The meats, poultry and fish that our dogs eat (directly or after processing) are very high in omega-6 at the base and low in omega-3. If you are also feeding a poor quality kibble (Hill’s, Royal Canin, Iams, Purina, etc.) the other kibble ingredients will likely be corn, soy, canola oil and chicken fat…which are also very high. in omega-6 and low in omega-3. You then worsen the problem of imbalance even more by feeding with bad kibbles, including those of the veterinarian because they contain the same ingredients.

Ultimately, even if the kibble manufacturer tries as hard as they can to create the best omega ratio possible, the cooking process will destroy most of your dog’s health benefits from omega-3s .

This is the part I forgot to tell you about: omega-3s are VERY sensitive to two things: heat and oxygen . For heat, let’s say the cooking process doesn’t help…and what happens when you open a bag of kibble? Oxygen enters it…every time…and then forms micro-fungi called mycotoxins on each kibble. Why do you think that with each end of the bag, your dog loses a little interest in his kibble? They are full of (micro) mushrooms! You then buy him a new bag (of the same type) and suddenly he starts to eat again… Now you understand why!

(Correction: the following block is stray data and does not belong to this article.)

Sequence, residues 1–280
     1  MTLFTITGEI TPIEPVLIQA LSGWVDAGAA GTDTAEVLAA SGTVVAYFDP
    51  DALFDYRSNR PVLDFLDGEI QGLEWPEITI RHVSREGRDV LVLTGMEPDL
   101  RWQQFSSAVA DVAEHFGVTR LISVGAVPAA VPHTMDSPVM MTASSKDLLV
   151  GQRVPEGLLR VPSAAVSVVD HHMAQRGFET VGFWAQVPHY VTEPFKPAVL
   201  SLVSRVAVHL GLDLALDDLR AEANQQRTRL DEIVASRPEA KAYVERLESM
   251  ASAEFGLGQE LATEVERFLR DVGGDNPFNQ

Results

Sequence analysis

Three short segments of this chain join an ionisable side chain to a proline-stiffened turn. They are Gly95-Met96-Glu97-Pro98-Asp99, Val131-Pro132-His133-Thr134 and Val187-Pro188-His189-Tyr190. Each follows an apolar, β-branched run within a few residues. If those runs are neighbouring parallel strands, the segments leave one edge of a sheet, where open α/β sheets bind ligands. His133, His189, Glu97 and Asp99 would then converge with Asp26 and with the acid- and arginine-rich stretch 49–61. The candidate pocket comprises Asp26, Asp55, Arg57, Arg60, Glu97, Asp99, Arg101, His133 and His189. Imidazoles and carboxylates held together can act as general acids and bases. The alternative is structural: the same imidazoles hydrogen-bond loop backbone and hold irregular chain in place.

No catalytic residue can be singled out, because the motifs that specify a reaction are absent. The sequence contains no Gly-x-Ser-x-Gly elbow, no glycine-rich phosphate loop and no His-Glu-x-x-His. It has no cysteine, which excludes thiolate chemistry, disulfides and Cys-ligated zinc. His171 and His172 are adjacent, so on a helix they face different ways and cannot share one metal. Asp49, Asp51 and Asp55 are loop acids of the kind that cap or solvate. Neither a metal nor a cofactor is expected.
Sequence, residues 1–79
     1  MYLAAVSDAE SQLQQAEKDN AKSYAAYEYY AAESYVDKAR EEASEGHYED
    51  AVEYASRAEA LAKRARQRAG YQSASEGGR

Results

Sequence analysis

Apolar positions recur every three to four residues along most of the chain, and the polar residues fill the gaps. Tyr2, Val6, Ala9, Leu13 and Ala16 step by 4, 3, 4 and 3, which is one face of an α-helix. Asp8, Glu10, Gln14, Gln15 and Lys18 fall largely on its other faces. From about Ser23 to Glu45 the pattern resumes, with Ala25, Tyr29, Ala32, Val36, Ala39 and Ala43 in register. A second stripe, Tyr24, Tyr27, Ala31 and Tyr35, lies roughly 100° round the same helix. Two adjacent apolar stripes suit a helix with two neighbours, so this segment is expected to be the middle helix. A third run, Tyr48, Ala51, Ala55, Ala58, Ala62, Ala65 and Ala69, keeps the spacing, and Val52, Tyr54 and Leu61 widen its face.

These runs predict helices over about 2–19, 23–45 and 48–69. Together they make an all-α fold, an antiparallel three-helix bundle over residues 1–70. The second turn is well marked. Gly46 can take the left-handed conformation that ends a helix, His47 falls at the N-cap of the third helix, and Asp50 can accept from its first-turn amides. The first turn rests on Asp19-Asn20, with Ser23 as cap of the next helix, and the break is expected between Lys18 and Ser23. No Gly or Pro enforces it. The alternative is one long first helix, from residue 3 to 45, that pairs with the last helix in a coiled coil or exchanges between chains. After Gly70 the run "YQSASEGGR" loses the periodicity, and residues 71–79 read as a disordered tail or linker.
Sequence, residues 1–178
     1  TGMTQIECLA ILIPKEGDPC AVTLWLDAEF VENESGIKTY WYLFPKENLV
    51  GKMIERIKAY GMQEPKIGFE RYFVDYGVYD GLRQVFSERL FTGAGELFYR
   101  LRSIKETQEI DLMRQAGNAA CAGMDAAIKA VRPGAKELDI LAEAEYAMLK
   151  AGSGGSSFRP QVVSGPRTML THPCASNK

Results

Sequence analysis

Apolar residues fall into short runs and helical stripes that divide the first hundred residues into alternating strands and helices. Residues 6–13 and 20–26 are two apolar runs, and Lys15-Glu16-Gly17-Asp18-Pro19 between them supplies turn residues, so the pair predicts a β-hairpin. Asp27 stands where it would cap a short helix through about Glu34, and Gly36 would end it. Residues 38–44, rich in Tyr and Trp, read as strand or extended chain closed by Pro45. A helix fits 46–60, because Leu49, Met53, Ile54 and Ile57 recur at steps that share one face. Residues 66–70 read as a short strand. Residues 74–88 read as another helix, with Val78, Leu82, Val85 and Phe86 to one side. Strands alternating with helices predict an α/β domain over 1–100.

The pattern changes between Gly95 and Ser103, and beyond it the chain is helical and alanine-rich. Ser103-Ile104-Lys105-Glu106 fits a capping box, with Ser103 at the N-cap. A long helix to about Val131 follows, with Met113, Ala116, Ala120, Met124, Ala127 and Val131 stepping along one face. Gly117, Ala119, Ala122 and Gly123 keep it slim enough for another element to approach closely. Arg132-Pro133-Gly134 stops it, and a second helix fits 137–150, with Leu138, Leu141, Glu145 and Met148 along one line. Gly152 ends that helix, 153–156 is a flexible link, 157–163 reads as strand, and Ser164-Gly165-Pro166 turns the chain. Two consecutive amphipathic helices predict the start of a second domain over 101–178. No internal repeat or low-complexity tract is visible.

rich in omega 3

You will probably be surprised that I tell you this but for me, fish oil in a kibble ingredient list is NOT a good thing . Fish oil is just too sensitive (to air and heat) to be added to a kibble. Despite this, many manufacturers (of good or bad kibble) continue to add it… because YOU like to think it’s a good thing!

If you feed raw, you are essentially in the same boat. Your dog’s meals are made mostly of meat (usually around 80-95%) which is also high in omega-6 and low in omega-3.

Here are some examples of meats and their ratio of omega 6 and 3:

  • Venison (wild meat): 3:1 (which is excellent)
  • Elk (wild meat): 3:1